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Philip Joseph (politician)

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Joseph in 1888

Philip Joseph was an African American Republican politician and journalist in Reconstruction and Jim Crow-era Alabama.

Early life[edit | edit source]

Joseph was born free in 1846 in Florida and traced his ancestry to Spain, France, Africa, and Cuba. His mother was the daughter of a wealthy Cuban and she liberated the family's nine hundred slaves. Joseph was well educated and was fluent in three languages,[1] French, German, and English.[2]

Reconstruction politics[edit | edit source]

During reconstruction (1865-1877), Joseph was the president of the Mobile Union League and involved in civil rights.[1] In late 1869, Joseph boarded a whites-only car of Mibile's Washington Avenue Railroad. He was forcably ejected and brought a case against the conductor, John Bailey, for assault. The judge in the case, Cleveland F. Moulton, noted that the right of a railroad to have segregated cars was recognized by common law in England and the US, and that Joseph was only possibly the victim of assault on the basis of how he was ejected from the car, as the rightness of his ejection was not in question. The jury found Bailey guilty, and assigned him a fine of one cent.[3]

Joseph served as a delegate to the Republican National Convention in 1868 and 1872,[4] and in early 1872 served as a Mobile postal clerk[5] and as a clerk in the Mobile custom house.[6] In 1870 he began his journalism career founding the Mobile Republican. He would come to found and edit four newspapers in Mobile and Montgomery from 1870 until 1884[4]

In 1872 he decided to oppose the reelection of Benjamin S. Turner to the United States House of Representatives. This split the Republican vote, and allowed the Liberal Republican and Democratic Party fusion candidate Frederick G. Bromberg to win the election. During the campaign, Turner accused Joseph of having been a "secret agent of the rebel government" during the Civil War.[1]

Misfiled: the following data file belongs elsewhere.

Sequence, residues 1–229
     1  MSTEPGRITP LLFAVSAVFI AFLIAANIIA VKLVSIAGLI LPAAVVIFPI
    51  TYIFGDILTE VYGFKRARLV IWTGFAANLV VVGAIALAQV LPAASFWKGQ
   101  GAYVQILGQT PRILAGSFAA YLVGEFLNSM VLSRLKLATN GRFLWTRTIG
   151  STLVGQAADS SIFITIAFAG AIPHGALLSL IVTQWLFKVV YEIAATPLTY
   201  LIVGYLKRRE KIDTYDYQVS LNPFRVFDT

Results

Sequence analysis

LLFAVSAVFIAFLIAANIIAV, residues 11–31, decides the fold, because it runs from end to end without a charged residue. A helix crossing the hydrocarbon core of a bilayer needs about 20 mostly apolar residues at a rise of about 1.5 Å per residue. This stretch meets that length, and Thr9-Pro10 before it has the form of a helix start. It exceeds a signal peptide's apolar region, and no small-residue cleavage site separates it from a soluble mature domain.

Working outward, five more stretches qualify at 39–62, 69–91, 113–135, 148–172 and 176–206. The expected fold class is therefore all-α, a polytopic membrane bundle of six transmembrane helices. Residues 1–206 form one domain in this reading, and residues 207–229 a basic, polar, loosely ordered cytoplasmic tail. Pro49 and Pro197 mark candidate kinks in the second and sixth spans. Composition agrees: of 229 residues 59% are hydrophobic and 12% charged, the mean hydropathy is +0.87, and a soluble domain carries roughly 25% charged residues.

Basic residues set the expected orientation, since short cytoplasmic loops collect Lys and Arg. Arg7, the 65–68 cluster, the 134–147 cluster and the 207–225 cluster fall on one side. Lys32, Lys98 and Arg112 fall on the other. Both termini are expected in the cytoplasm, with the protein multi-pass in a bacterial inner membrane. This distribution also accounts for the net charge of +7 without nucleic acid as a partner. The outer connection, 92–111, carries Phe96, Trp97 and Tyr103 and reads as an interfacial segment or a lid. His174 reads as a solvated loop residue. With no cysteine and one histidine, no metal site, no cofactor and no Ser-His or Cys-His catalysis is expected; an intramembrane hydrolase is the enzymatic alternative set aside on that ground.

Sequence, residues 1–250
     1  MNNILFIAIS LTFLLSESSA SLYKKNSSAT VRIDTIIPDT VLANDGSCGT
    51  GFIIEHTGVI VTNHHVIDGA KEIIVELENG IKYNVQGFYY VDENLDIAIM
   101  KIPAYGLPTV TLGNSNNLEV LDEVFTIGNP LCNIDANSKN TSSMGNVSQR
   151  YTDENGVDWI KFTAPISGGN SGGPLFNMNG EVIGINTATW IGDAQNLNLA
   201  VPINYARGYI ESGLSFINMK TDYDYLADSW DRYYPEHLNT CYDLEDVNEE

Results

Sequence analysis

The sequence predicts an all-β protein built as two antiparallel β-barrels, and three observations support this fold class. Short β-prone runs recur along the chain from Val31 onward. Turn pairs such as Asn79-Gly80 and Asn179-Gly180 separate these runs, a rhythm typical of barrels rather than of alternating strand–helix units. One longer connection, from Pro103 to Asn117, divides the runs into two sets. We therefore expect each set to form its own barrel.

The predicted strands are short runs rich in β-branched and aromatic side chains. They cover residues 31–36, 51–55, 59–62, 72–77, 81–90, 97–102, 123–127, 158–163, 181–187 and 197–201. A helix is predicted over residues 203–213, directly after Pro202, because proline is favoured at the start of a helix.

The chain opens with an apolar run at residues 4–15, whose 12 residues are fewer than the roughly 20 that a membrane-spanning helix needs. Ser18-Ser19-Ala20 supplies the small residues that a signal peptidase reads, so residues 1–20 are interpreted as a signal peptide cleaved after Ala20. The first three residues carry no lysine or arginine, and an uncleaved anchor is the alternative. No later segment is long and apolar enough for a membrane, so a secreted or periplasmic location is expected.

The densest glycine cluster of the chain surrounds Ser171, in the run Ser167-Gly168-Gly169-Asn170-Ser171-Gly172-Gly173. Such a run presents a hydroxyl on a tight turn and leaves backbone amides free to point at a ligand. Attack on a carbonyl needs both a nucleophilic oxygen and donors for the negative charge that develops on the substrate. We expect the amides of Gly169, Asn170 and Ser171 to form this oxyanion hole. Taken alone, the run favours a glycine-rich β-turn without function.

Joseph remained involved in politics and was a clerk of the Alabama state legislature from 1872-74.[1] He also continued working as a journalist and founded the Montgomery Watchman in February 1873, and edited the weekly for the following year.[4] He frequently wrote in favor of the proposed Civil Rights Act,[7] which became law in 1875. In 1874 he ran unsuccessfully for a seat in the Alabama legislature and was a leading figure at the black convention in Montgomery.[1] In 1875 he testified before the US Congress about efforts to break up black Republican political meetings in Alabama.[8] Later that year he was sued for libel and ordered to pay the plaintiff $10,000 in damages.[9] After this he left Mobile and moved to Delta, Louisiana in Madison Parish where he was appointed supervisor of registration and began editing the Madison Journal.[10]